Photo Credit: Frank Kovalchek

Exploring the Kenai Mountains-Turnagain Arm National Heritage Area: Canyon Creek pull-off



Short Description: In many way this area was ground zero for the mining activity in this area.  Interpretative signs provide a wealth of information.  Canyon Creek Bridge provides  unique opportunity to see “old” Seward Highway.

Required Equipment: None

Suggested Equipment: Notebooks.  Tape Measure

Safety Consideration: Steep cliffs  into gorge.  At Forks, rushing high volume streams.

Other Info: Pit Toilets are available at turn off and on way down to the Forks.

Instructional Opportunities:  Mining

The “top” parking area provides a huge wealth of interpretative signs discussing the mining activity in this area. Signage discusses the area history, mining methods, and various personalities. This stop should be joined with a visit to Hope and to the mining site at Resurrection Creek.

After reading the signs, a visit to the creek below the bridge might be in order —access is from the Hope Highway. The road is gravel and somewhat steep but is bus accessible with a turnaround at the bottom.


Although there is little evidence of the former bustling mining activity, this stop provides a lovely lunch spot to contemplate the history of the area.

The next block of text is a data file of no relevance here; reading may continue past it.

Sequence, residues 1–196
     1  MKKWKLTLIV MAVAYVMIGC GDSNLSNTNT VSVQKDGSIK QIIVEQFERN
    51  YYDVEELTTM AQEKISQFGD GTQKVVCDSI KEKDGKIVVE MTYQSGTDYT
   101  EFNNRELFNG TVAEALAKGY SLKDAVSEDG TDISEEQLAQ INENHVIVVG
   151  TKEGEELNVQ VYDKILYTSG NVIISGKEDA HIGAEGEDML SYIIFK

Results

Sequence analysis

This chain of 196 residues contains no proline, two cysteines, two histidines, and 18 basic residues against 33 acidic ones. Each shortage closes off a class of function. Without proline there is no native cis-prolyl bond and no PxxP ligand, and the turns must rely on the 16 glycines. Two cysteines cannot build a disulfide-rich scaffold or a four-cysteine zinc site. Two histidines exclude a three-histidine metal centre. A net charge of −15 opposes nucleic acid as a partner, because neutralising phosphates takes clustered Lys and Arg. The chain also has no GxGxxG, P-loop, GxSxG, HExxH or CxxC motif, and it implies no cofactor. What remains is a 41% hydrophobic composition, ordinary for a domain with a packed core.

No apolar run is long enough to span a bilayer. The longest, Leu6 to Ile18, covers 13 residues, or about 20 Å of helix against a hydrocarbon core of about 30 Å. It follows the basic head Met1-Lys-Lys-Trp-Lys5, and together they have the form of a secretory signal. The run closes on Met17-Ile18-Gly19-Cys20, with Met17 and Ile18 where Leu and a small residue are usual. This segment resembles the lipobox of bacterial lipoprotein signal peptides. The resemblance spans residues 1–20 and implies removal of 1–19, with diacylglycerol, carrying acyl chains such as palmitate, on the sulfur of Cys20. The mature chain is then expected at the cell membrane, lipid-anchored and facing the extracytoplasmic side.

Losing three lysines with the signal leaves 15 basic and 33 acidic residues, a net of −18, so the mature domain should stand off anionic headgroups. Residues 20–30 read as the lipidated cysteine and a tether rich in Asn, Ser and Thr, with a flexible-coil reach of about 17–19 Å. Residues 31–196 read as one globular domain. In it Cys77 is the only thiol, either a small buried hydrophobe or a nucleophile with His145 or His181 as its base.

Caution: The confluence of Canyon Creek and Six Mile is very turbulent with eroded unstable banks. Avoid the area down river from the parking lot.


Don’t forget the bridge.

Much of the Seward Highway has been rebuilt in the 1990s to the present. A visit to the Canyon Creek bridge provides insight to the perilous nature of the road prior to new construction. (This can be accessed from the parking lot with the interpretative signs.)

The section of road from this point toward Summit was referred to as the “Luge Run” because of its narrow, twisty, and icy nature. Imagine driving, in the winter across this bridge. A common superstition was that the passengers (not the driver) upon approaching the bridge would shut their eyes and hold their breath while crossing.

It’s no wonder that the bridge held that kind of respect. Measure the width of the roadway here, then when returning to your bus measuring the width of your bus and multiply by two. Compare the measures to see why it was unnerving for two large vehicles (buses or semis) to meet on this bridge in the winter.